DEAR ABBY: My high school sweetheart and I reunited and married after his wife of eight years died of breast cancer. She was only 39. They had a sweet little girl together, and I brought my two little ones into our new relationship. We have been together for five years and are a very happy blended family.
My husband's former wife -- I'll call her Nicki -- was very close to her parents and siblings. After Nicki's death, they continued their strong relationship with their granddaughter and my husband, and were very accepting of me and my children when we joined the family.
However, one issue troubles me just a bit: Nicki's parents and siblings continue to address my husband as "son-in-law" or "brother-in-law." I know they loved their daughter, and I respect their feelings, but "till death do us part" means just that, and sadly, the title son-in-law died with their daughter. I feel their continued use of this term shows a lack of respect for me and our marriage.
What do you think about this? -- "AUTUMN" IN NEW YORK
DEAR AUTUMN: Lack of respect? Bonds of love are not severed by death. Nicki's family welcomed you. Are you LOOKING for trouble? If the answer is yes, keep dwelling on this imagined slight, and you'll have unhappiness, dissatisfaction and discord in abundance.
DEAR ABBY: I have a very dear friend, "Lois," who lives 600 miles from me. I visit her once or twice a year. She tries to make me feel welcome and comfortable. However, there's one big problem: her St. Bernard, "Bud."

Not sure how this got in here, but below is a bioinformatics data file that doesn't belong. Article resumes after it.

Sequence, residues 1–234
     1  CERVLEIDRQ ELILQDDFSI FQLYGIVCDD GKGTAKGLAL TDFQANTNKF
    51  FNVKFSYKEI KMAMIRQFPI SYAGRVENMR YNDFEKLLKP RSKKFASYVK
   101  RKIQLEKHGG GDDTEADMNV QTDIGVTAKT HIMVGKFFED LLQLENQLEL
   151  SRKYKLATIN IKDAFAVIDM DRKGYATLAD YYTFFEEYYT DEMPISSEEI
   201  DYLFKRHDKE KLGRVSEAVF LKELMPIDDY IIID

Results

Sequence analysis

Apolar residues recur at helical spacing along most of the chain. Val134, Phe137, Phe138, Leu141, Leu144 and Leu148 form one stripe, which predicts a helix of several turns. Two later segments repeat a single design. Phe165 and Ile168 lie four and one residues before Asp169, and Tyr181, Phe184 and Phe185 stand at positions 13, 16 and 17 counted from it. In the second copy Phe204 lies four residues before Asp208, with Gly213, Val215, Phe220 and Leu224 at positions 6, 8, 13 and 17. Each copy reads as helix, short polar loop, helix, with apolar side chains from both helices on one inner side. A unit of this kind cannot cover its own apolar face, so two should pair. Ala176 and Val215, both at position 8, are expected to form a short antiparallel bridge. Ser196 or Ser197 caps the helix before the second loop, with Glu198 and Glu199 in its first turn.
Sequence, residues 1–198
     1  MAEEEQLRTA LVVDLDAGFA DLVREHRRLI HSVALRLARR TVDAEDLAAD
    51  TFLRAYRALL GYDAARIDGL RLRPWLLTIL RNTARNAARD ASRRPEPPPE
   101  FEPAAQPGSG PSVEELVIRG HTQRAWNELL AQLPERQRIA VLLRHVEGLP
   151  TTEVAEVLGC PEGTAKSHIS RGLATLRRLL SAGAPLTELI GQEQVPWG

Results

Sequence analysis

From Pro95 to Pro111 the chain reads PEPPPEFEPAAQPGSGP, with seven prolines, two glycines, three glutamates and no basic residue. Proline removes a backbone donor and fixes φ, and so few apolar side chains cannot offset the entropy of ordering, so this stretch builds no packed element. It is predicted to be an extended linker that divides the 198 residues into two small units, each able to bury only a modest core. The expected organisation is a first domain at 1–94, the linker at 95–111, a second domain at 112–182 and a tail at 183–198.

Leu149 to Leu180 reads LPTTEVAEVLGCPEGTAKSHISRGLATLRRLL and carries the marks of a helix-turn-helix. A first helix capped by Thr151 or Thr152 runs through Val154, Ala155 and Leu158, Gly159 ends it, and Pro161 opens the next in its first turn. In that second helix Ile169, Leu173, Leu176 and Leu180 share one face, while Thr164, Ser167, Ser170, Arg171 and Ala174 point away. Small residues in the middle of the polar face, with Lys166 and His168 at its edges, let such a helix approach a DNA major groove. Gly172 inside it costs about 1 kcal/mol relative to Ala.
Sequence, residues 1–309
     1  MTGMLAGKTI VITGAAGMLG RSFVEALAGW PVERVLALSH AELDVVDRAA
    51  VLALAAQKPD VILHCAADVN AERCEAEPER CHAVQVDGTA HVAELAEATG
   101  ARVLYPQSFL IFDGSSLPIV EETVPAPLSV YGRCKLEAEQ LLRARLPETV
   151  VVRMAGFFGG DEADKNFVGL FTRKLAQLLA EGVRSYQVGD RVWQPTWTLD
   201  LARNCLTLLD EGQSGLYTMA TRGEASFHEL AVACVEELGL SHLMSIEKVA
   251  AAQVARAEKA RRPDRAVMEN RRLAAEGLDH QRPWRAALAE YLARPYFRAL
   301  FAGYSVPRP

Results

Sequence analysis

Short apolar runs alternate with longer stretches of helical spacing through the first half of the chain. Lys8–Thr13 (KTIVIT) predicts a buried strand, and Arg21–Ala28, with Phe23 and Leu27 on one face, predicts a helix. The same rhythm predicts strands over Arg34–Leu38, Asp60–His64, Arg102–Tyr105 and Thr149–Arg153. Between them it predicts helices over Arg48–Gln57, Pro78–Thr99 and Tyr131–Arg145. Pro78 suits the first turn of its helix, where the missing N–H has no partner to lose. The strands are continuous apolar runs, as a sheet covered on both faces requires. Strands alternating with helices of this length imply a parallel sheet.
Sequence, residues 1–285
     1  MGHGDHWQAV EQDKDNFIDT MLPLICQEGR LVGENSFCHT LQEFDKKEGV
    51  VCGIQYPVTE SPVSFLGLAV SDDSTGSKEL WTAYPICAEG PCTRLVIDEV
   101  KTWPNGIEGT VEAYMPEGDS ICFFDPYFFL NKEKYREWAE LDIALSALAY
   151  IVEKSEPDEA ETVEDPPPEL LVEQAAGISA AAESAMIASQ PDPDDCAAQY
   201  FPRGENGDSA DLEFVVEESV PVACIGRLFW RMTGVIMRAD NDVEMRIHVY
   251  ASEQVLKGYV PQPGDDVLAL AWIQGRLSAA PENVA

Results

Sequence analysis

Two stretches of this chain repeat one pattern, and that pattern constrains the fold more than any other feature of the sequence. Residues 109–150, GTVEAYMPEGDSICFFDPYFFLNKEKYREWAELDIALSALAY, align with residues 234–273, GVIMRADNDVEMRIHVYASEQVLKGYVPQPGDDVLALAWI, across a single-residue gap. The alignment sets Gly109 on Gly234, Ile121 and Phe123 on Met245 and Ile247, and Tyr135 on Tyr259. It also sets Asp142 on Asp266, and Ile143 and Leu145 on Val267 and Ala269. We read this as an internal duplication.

When we sit down to eat, Bud stares at me face-to-face. His doggy breath wafts over my plate. He steals my food if I don't watch him closely.
Lois scolds him, but Bud ignores her. Then she looks at me with an "I'm sorry" expression and does nothing.
I think it is very rude to allow a dog to act this way. Lois could put Bud in another room or on the screened-in porch while we're eating, but she doesn't. This has made me so uncomfortable that I don't think I can bear another visit.
Abby, please print your opinion. Maybe Lois will read it in the paper and recognize herself. Thank you. -- DOGGONE DISGUSTED IN ALABAMA
DEAR DISGUSTED: I don't blame you for being disgusted. Dogs are pack animals -- and Bud is clearly "top dog" in Lois' household. Your friend should have asserted her dominance and exercised some discipline with her dog long ago.
You would be doing Lois a favor to level with her. And in the future, you'd be doing yourself a favor to stay in a hotel and arrange to have your meals with her away from the house until she teaches her pet some manners.
CONFIDENTIAL TO "SCARED ABOUT THE NEW JOB": Never be afraid to try something new. Remember, amateurs built the ark. Professionals built the Titanic. (Submitted by David Broome)
Dear Abby is written by Pauline Phillips and daughter Jeanne Phillips.
Good advice for everyone -- teens to seniors -- is in "The Anger in All of Us and How to Deal With It." To order, send a business-size, self-addressed envelope, plus check or money order for $5 (U.S. funds only) to: Dear Abby, Anger Booklet, P.O. Box 447, Mount Morris, IL 61054-0447. (Postage is included.)
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